Christopher Columbus and the New World of His Discovery — Volume 1 eBook

This eBook from the Gutenberg Project consists of approximately 71 pages of information about Christopher Columbus and the New World of His Discovery — Volume 1.
Genoa, and look out upon the great curving Gulf from Porto Fino to where the Cape of the western Riviera dips into the sea; you may walk along the coast to Savona, where Domenico had one of his many habitations, where he kept the tavern, and whither Christopher’s young feet must also have walked; and you may come back and search again in the harbour, from the old Mole and the Bank of St. George to where the port and quays stretch away to the medley of sailing-ships and steamers; but you will not find any sign or trace of Christopher.  No echo of the little voice that shrilled in the narrow street sounds in the Vico Dritto; the houses stand gaunt and straight, with a brilliant strip of blue sky between their roofs and the cool street beneath; but they give you nothing of what you seek.  If you see a little figure running towards you in a blue smock, the head fair-haired, the face blue-eyed and a little freckled with the strong sunshine, it is not a real figure; it is a child of your dreams and a ghost of the past.  You may chase him while he runs about the wharves and stumbles over the ropes, but you will never catch him.  He runs before you, zigzagging over the cobbles, up the sunny street, into the narrow house; out again, running now towards the Duomo, hiding in the porch of San Stefano, where the weavers held their meetings; back again along the wharves; surely he is hiding behind that mooring-post!  But you look, and he is not there—­nothing but the old harbour dust that the wind stirs into a little eddy while you look.  For he belongs not to you or me, this child; he is not yet enslaved to the great purpose, not yet caught up into the machinery of life.  His eye has not yet caught the fire of the sun setting on a western sea; he is still free and happy, and belongs only to those who love him.  Father and mother, brothers Bartolomeo and Giacomo, sister Biancinetta, aunts, uncles, and cousins possibly, and possibly for a little while an old grandmother at Quinto—­these were the people to whom that child belonged.  The little life of his first decade, unviolated by documents or history, lives happily in our dreams, as blank as sunshine.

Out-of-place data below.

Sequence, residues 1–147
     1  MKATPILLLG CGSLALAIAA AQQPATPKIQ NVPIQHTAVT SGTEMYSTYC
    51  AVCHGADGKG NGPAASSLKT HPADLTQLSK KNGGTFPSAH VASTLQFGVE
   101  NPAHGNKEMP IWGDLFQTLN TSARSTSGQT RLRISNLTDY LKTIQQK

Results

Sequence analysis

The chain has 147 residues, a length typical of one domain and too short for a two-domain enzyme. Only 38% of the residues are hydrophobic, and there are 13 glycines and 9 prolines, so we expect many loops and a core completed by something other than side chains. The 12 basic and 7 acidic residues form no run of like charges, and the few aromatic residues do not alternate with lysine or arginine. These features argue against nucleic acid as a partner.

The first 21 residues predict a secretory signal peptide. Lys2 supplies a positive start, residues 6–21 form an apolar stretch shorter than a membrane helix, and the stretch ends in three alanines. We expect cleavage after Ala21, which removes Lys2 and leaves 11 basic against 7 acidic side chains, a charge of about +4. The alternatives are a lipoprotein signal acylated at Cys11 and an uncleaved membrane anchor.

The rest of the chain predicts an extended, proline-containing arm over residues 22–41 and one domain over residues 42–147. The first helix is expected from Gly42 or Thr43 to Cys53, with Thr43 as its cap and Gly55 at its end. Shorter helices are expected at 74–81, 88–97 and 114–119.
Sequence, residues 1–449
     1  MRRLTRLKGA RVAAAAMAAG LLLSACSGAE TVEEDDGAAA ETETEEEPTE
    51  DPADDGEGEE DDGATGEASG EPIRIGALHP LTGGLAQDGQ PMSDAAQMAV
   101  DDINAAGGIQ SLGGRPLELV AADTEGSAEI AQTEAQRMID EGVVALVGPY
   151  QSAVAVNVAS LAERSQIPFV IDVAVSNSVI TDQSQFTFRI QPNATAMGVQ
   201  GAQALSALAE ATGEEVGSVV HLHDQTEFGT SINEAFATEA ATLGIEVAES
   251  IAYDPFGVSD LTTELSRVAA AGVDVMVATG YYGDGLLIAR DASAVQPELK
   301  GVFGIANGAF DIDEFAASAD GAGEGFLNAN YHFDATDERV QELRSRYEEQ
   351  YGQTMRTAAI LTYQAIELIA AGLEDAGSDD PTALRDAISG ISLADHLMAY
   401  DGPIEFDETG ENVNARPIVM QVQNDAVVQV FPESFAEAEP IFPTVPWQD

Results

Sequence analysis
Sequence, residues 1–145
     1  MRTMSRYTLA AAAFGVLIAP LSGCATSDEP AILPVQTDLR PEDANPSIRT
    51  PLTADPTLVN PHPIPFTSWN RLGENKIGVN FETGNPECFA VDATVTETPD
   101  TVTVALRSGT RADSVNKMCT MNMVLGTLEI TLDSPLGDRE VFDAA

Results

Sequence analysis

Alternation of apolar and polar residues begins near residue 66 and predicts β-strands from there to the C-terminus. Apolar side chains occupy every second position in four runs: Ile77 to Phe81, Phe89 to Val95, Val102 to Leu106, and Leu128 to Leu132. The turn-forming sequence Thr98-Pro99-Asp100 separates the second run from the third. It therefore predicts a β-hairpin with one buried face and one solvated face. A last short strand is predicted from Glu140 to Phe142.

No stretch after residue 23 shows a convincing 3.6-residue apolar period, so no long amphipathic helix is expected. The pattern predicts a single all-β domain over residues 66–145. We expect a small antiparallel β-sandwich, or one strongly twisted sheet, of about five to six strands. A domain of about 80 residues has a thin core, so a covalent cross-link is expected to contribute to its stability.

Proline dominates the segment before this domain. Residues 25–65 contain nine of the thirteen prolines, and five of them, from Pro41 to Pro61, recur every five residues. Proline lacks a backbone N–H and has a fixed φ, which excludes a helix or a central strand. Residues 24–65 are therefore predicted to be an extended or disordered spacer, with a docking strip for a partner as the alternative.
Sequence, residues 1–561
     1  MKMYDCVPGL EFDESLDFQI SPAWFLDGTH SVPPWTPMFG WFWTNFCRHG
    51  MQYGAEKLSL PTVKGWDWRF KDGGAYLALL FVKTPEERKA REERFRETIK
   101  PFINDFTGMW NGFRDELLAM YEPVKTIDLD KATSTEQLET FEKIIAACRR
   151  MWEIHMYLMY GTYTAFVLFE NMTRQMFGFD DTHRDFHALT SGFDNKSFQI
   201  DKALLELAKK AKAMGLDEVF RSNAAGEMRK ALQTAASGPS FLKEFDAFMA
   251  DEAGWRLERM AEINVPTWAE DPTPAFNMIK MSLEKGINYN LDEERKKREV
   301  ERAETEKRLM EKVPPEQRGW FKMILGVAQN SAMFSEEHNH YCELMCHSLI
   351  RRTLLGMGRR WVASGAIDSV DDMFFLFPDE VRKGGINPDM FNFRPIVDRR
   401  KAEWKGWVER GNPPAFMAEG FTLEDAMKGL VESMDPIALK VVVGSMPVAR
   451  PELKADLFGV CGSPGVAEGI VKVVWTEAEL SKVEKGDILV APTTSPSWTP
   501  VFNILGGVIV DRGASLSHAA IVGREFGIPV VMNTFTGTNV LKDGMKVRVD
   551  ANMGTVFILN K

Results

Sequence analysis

Christopher was fourteen years old when he first went to sea.  That is his own statement, and it is one of the few of his autobiographical utterances that we need not doubt.  From it, and from a knowledge of certain other dates, we are able to construct some vague picture of his doings before he left Italy and settled in Portugal.  Already in his young heart he was feeling the influence that was to direct and shape his destiny; already, towards his home in Genoa, long ripples from the commotion of maritime adventure in the West were beginning to spread.  At the age of ten he was apprenticed to his father, who undertook, according to the indentures, to provide him with board and lodging, a blue gabardine and a pair of good shoes,

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Christopher Columbus and the New World of His Discovery — Volume 1 from Project Gutenberg. Public domain.
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